Eve's Diary

NEXT WEEK SUNDAY.--All the week I tagged around after him and tried to get acquainted.


I had to do the talking, because he was shy, but I didn't mind it.

He seemed pleased to have me around, and I used the sociable "we" a good deal, because it seemed to flatter him to be included.

WEDNESDAY.--We are getting along very well indeed, now, and getting better and better acquainted.

He does not try to avoid me any more, which is a good sign, and shows that he likes to have me with him.

That pleases me, and I study to be useful to him in every way I can, so as to increase his regard.

During the last day or two I have taken all the work of naming things off his hands, and this has been a great relief to him, for he has no gift in that line, and is evidently very grateful.

He can't think of a rational name to save him, but I do not let him see that I am aware of his defect.

Whenever a new creature comes along I name it before he has time to expose himself by an awkward silence.

In this way I have saved him many embarrassments.

I have no defect like this. The minute I set eyes on an animal I know what it is.

I don't have to reflect a moment; the right name comes out instantly, just as if it were an inspiration, as no doubt it is, for I am sure it wasn't in me half a minute before.

I seem to know just by the shape of the creature and the way it acts what animal it is.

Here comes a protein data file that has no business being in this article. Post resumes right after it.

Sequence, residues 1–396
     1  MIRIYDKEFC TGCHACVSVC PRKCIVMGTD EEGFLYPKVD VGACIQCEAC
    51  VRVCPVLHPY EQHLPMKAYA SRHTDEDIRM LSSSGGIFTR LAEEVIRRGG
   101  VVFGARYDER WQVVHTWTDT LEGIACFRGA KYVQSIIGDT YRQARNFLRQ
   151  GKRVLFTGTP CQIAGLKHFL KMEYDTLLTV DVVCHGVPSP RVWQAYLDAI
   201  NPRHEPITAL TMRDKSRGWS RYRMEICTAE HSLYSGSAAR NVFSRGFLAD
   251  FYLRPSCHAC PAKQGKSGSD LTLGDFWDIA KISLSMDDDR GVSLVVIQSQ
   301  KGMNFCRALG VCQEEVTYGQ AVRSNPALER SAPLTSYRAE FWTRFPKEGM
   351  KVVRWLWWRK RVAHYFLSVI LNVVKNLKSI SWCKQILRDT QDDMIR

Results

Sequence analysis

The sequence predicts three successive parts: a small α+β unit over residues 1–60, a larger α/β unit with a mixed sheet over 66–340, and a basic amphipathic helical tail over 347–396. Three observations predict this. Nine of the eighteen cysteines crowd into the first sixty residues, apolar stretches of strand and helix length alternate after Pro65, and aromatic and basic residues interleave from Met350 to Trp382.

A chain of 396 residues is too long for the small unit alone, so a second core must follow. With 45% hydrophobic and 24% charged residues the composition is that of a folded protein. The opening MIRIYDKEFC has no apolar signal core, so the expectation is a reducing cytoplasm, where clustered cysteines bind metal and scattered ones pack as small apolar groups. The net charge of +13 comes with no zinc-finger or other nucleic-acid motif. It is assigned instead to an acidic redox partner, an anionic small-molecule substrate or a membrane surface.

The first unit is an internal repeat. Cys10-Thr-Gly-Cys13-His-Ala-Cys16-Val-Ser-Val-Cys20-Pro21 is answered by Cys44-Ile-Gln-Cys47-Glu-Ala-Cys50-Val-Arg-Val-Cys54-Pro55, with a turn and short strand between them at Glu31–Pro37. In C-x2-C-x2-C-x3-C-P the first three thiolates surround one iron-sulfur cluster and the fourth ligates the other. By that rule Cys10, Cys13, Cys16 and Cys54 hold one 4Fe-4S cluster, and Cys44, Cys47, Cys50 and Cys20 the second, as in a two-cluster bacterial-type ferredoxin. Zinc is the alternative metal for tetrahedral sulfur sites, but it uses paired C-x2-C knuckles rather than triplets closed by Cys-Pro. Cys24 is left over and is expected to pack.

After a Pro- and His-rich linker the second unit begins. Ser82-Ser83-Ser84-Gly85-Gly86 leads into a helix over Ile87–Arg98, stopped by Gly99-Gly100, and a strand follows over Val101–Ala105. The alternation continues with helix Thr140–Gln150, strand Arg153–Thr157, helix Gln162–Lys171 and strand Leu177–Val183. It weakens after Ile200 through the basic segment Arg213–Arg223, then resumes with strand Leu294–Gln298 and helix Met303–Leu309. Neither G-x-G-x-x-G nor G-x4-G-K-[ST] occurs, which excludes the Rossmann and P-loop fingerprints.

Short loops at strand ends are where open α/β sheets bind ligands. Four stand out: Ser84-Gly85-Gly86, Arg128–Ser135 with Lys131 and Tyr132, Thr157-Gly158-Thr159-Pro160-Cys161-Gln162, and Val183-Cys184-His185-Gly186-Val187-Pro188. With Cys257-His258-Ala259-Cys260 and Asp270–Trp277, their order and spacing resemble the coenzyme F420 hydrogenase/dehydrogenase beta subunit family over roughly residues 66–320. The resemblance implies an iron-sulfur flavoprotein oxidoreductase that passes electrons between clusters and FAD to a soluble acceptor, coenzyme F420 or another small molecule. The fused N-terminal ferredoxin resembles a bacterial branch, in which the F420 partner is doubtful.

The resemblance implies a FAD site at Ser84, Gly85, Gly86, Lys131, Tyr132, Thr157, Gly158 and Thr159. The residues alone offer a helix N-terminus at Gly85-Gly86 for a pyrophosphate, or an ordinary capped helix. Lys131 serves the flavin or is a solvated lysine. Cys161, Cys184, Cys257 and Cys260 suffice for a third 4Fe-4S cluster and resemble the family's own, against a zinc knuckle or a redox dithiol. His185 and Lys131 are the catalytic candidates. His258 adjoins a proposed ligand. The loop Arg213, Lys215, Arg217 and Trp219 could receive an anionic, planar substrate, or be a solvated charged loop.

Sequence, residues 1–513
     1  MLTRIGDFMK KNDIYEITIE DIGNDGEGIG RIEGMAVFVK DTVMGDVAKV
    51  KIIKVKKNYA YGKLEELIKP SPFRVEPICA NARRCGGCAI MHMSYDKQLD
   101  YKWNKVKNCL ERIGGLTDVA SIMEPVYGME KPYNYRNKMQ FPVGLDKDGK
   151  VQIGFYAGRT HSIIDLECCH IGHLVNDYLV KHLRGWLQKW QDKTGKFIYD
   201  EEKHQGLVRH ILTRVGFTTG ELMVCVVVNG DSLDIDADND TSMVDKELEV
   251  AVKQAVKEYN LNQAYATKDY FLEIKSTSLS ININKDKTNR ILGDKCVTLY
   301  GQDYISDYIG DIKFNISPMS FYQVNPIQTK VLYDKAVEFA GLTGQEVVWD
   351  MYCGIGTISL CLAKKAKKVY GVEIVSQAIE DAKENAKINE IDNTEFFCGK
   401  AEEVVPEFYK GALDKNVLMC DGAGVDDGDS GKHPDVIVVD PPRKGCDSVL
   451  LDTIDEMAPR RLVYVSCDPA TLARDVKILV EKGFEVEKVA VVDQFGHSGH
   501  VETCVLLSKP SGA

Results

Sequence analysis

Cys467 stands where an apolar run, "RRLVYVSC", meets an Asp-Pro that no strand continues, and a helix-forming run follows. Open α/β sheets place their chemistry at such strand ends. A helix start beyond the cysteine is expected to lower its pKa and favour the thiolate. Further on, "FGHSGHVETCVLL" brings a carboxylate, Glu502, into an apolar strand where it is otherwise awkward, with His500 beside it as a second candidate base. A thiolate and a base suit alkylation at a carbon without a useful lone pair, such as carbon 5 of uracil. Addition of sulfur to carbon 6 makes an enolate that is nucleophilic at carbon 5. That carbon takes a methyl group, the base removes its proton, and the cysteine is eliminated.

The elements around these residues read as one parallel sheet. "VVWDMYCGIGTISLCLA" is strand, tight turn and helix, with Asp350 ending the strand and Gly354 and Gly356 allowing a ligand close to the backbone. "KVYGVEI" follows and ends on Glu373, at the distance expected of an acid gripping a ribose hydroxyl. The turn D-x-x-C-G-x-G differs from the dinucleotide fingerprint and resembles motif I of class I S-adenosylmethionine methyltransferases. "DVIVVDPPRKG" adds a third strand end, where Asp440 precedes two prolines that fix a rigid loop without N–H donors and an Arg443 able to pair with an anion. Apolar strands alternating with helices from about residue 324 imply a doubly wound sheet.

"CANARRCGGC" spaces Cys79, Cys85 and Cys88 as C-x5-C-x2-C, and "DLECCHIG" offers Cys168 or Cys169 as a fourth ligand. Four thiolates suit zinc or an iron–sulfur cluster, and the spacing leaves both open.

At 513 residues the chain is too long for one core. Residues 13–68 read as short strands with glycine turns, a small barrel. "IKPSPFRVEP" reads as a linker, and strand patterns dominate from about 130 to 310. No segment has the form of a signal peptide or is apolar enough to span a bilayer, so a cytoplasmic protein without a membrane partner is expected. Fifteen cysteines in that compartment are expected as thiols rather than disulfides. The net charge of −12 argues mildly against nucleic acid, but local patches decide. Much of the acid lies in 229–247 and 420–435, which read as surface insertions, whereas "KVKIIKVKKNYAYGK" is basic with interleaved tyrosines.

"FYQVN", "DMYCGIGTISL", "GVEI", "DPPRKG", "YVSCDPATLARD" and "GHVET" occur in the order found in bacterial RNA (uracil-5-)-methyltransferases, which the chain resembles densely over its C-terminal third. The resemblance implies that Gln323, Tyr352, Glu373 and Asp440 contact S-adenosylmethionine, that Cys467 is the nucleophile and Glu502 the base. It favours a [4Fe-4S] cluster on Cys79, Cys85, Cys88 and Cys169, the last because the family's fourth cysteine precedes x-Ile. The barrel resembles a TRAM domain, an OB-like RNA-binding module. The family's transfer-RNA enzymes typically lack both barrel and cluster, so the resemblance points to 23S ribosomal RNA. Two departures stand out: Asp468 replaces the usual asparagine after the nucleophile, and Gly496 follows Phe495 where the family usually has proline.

When the dodo came along he thought it was a wildcat--I saw it in his eye.

But I saved him. And I was careful not to do it in a way that could hurt his pride.

I just spoke up in a quite natural way of pleasing surprise, and not as if I was dreaming of conveying information, and said, "Well, I do declare, if there isn't the dodo!"

I explained--without seeming to be explaining --how I know it for a dodo, and although I thought maybe he was a little piqued that I knew the creature when he didn't, it was quite evident that he admired me.

That was very agreeable, and I thought of it more than once with gratification before I slept. How little a thing can make us happy when we feel that we have earned it!

THURSDAY.--my first sorrow. Yesterday he avoided me and seemed to wish I would not talk to him.

I could not believe it, and thought there was some mistake, for I loved to be with him, and loved to hear him talk, and so how could it be that he could feel unkind toward me when I had not done anything?

But at last it seemed true, so I went away and sat lonely in the place where I first saw him the morning that we were made and I did not know what he was and was indifferent about him; but now it was a mournful place, and every little thing spoke of him, and my heart was very sore.

I did not know why very clearly, for it was a new feeling; I had not experienced it before, and it was all a mystery, and I could not make it out.

But when night came I could not bear the lonesomeness, and went to the new shelter which he has built, to ask him what I had done that was wrong and how I could mend it and get back his kindness again; but he put me out in the rain, and it was my first sorrow.

SUNDAY.--It is pleasant again, now, and I am happy; but those were heavy days; I do not think of them when I can help it.